teen drug abuse

Life is a voyage of discovery, and some of the most turbulent waters we encounter are from our teen years. Not quite an adult but definitely not a child, an adolescent faces many challenges that don’t always have supports in place to assist them in the decision-making process.

For many years we have seen different types of campaigns to warn our children away from the perils of drug and alcohol abuse – some take the good advice as it is presented, others not. Keeping our kids safe is our number one priority, but we have to trust them to do the right thing and stay away from influences that would lead them astray. For kids who get caught up in the abuse treadmill – whether it is drugs or alcohol – there is a number of factors that can singularly or in combination take a teen into a life of drug or alcohol abuse.

Peer Pressure and Teen Drug Abuse

Peer pressure is one type of influence that can harm teens. When a teen is insecure and trying to figure how and where they fit in, peer pressure can be interminable when they need to say no. Many times, kids will say it is only grass or it is my dad’s prescription or at a party somebody says ‘let’s drink up’ and those benign statements can cause big problems for inexperienced users who are going along to get along.

Wanting to Grow Up Too Fast

Acting all grown up is another cause of use and abuse of alcohol and drugs. It gives teens false sense maturity when they are using substances, and their peers view them as ‘cool.’ Mimicking parental behavior is another area that is a danger to adolescents. They see their parents using and abusing recreational drugs or alcohol and think it can’t be that bad if my parents are doing it.

Natural Experimentation

If life is a voyage of discovery then experimenting with drugs or alcohol as a teen is part of the journey. Many times, a teen will try something ‘just once’ to see how it feels and then a habit will develop over time if the experience is a pleasant one when they first start experimenting.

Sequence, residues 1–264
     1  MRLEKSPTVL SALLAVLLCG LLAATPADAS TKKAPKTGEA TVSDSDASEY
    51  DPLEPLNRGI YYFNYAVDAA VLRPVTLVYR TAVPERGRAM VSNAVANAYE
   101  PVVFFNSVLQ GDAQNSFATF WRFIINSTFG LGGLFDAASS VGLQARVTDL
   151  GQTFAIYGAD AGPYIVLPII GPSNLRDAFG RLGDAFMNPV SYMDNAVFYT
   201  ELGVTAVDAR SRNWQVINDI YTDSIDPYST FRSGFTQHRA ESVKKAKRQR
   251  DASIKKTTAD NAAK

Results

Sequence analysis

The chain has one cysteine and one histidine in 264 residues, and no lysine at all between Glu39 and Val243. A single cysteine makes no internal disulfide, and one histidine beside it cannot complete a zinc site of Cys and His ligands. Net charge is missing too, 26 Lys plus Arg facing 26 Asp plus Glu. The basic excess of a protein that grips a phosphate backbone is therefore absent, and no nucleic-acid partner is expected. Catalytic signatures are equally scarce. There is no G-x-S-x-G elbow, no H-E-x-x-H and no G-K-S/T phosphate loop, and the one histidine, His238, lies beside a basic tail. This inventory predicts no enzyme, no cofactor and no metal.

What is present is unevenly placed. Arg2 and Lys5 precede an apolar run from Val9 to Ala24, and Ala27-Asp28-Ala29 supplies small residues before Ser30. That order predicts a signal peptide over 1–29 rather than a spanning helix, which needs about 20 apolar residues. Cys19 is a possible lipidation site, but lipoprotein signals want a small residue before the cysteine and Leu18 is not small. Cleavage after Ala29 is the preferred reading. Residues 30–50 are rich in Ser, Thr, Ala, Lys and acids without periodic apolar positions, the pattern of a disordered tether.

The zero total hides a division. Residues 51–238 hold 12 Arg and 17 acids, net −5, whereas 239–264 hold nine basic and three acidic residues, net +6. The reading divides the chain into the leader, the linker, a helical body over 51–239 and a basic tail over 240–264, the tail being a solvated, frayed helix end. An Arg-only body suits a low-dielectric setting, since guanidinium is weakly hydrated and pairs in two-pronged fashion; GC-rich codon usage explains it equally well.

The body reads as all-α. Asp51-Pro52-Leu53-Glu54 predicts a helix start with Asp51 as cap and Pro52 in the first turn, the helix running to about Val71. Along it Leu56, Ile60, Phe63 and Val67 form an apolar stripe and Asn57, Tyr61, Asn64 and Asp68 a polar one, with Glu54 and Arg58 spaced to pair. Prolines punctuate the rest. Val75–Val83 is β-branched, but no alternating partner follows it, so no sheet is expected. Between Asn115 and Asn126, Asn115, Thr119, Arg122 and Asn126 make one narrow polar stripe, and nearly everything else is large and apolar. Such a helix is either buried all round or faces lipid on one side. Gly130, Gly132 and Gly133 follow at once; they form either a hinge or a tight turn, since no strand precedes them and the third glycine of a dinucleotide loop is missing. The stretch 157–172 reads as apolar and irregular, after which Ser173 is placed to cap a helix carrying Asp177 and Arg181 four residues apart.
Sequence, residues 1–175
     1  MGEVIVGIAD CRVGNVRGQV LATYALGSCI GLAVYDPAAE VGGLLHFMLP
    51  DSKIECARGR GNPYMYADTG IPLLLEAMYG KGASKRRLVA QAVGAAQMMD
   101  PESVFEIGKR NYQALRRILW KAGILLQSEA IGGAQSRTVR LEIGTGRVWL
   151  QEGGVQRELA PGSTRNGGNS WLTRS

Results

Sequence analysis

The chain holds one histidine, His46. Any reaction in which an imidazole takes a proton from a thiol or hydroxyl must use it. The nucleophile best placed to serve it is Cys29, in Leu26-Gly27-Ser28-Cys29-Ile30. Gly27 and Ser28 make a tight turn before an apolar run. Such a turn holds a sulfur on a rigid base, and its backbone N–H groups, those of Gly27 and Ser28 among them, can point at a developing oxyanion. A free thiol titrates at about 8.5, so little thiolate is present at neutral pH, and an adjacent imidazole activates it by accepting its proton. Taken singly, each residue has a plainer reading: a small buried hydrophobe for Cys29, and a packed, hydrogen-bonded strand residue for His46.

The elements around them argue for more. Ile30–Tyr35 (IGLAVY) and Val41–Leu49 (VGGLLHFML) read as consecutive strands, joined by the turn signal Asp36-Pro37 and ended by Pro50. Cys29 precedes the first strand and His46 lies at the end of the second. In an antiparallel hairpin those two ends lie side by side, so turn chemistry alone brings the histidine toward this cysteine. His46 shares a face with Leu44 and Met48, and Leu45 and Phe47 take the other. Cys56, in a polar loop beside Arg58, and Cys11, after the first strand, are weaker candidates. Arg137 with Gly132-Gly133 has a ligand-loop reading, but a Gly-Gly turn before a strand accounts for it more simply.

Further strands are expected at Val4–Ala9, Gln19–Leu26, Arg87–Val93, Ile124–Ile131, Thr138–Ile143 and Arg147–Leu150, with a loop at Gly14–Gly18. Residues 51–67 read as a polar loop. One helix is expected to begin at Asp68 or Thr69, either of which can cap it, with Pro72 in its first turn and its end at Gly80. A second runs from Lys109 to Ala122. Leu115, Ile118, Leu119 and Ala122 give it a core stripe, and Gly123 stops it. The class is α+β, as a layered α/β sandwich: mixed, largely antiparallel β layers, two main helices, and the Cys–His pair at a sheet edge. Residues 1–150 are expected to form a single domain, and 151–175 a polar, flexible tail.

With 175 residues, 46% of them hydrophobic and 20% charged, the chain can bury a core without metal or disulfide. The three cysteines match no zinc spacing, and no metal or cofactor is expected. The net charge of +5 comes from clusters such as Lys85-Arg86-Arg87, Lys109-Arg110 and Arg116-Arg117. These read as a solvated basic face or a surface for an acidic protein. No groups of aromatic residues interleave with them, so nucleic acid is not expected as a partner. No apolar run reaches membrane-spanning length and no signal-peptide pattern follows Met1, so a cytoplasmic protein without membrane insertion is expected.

Some teens who are experiencing acute emotional trauma will self-medicate to dull whatever pain they may be experiencing when they start abusing drugs and alcohol. This hits our teens twice. First, they aren’t addressing the cause of the emotional trauma they are experiencing and second, using drugs or alcohol to treat the condition, doing physical and mental damage to their bodies and in some cases, the damage is irreversible.

Quite often, a teen may become addicted and not even know it. As teens, we all thought we were invincible and that drug or alcohol addiction couldn’t happen to us, but it does with great regularity. Often, we are the last to know we have a problem, and that problem can come out of the blue without warning leaving carnage in its wake.

For parents, it is important to keep the lines of communication open with your teenagers. Let them know in no uncertain terms that they can come to talk to you anytime without fear of reprisal. If your teenager hasn’t come to you, go to them, speak from the heart with love and concern about the evils of drug and alcohol abuse and educate them on the harm that could befall them. If a problem arises, be supportive and seek solutions that will lead to a full and complete recovery for your child and tell them that their problem is your problem too. Call Beachside today at 866-349-1770 to learn more.